We have an appointment with the Customs services in Miami the day after tomorrow. Mihai is a little worried about the re-entry protocols, even though everybody is saying that this is a formality that few people heed. But then again, not many sailors from Transylvania in the area, I would guess. We could have launched again today and motor to the sandy beach on the North East shore of Manatee Bay, and anchor there overnight, but a spell of tropical rain in the afternoon delayed us too much. It’s 8:00 pm, under overcast skies and the gusty wind is making the halyards rattle against the aluminum masts. Bob will be back tomorrow and maybe he has some suggestions, but I doubt that anything would help; we can’t leave into a North Easterly wind and we cannot change the weather patterns. We could try motoring around tomorrow, but we need to be back at the dock for the night, for Friday’s appointment.
At least, I have managed to catch up with this blog. Sending it to Mike Evces would require another trip to the Starbucks hotspot. I remember a Laundromat in the area where we could to our laundry, at the very least. But then again, we could have well done it at home, in Iowa City.

Posted by march88 at 9:19 PM EDT
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The Journey
On Thursday morning, the weather looked tolerably stable. We woke up at 6:00, and loaded up all the equipment strewn in the living room, going by the main list that has spawned a number of sub-lists. I still had several legal loopholes (like the automatic deduction plan with Qwest and Discover cards). The perishables have already been stored in two bins. The diving equipment (minus the weighs and the flippers) in another one. We stuffed the Nissan to the gills and drove to Rodneys’s, stopping on the way for last minute shopping. Once there, I expected to finish loading the boat in a couple of hours and leave by noon. Of course, we found out that the equipment left under the tarp was already soggy, so we spread the spare sails in the tepid mud, and unzipped the cockpit cushions already heavy with last night’s rain. There were a few last-minute adjustments to be done to the boat (like carrying the old dinghy from the cove, taking care of  the main mast plug that didn’t make a clean contact, and of the nose light that was kind of wobbly, emptying the starboard tank of the fouled gasoline, and other merry little chores). What with several such adjustments, the last minutes turned into last hours, and we were finally ready to take off by 4:00. We celebrated the end of the preparatory phase with a spectacular cake that Amanda made for us and we took off at 4:30.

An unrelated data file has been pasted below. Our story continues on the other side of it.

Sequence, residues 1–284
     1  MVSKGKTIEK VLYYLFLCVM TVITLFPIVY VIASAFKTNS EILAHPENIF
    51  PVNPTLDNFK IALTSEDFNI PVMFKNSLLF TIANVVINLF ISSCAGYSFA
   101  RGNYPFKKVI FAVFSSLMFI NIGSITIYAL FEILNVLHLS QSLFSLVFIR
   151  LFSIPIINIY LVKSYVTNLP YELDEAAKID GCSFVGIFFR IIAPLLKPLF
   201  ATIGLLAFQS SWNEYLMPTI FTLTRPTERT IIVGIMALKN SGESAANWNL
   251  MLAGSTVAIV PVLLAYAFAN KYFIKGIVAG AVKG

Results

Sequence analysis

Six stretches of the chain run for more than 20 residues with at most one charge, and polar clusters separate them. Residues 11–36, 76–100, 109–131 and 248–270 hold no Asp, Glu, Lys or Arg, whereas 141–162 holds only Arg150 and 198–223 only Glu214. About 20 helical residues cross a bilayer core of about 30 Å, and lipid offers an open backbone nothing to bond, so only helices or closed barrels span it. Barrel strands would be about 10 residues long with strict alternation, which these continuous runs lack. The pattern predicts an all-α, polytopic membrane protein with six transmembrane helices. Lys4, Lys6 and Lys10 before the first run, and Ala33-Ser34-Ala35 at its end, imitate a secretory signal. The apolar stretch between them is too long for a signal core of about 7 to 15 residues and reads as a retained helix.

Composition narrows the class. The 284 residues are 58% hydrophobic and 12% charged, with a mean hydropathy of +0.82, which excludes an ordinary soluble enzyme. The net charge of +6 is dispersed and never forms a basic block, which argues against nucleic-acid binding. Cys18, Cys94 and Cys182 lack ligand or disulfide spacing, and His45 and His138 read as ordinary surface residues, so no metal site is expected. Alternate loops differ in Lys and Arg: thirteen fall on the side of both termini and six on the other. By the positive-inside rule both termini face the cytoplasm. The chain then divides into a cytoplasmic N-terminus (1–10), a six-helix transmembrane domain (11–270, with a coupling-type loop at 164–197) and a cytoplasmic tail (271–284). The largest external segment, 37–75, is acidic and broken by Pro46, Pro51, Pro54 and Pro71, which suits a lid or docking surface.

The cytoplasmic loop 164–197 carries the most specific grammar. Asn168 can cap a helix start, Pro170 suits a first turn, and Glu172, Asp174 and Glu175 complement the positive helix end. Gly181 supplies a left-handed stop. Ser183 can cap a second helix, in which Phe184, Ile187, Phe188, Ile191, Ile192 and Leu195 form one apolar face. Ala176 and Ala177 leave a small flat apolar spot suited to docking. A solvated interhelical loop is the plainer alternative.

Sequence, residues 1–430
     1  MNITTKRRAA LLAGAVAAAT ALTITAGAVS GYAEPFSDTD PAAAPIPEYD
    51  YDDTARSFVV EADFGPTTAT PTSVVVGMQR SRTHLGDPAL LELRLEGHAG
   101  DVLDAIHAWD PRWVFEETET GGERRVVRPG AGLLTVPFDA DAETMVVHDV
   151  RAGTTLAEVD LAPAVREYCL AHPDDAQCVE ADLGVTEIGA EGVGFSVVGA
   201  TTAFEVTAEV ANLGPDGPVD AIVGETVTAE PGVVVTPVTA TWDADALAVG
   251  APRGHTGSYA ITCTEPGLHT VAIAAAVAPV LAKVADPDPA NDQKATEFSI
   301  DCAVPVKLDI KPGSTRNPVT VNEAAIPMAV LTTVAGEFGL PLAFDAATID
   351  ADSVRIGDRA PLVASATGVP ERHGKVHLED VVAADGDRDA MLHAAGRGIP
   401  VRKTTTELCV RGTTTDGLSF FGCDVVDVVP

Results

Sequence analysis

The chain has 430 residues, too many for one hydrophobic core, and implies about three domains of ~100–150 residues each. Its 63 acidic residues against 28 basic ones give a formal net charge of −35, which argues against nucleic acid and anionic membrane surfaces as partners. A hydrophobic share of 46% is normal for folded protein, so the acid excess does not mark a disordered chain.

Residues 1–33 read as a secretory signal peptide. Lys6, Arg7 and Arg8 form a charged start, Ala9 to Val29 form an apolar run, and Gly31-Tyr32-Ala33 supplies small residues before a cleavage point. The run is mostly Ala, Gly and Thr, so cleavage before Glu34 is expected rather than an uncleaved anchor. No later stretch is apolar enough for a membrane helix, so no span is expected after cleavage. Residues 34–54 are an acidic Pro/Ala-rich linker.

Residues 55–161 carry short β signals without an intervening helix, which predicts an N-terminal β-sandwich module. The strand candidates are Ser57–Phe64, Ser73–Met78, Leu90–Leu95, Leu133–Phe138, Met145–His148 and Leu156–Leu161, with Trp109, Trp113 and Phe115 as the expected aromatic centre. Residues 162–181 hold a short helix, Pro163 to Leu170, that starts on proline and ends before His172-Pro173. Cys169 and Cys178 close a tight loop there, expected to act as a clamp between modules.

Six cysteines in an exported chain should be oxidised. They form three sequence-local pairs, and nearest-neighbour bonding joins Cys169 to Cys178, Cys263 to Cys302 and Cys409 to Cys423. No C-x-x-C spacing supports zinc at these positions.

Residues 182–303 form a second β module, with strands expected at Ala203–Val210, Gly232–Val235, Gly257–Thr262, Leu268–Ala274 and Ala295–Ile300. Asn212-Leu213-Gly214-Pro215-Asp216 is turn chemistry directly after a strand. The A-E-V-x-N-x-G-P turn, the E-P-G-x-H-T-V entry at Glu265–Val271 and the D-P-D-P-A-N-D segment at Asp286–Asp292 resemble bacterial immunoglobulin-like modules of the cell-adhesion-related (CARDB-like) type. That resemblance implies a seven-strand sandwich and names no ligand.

The wind was making treetops sway in the 90 degree heat (typical Iowa August weather). As soon as we descended the hillside into North Liberty, Mihai noticed that the boat was beginning to swing behind the Nissan (something I never bothered me before, even at higher speeds). Once on the highway, it became obvious that the trailer would wag at 45 miles/hour and higher, as badly as it did when we used to trailer with the sprightly and light Cherokee). We crawled all the way to West Branch where we moved all the heavy equipment from the Nissan onto by bunk bed in the back of the boat, thereby lightening the trailer tongue. We did have a wise plan to weigh the tongue before we left, but that important operation was lost in the shuffle. Wonder how many other wise decisions have been likewise overlooked. Getting the boat ready took us no less than a month, but it already felt like we would have had enough to work on until Christmas.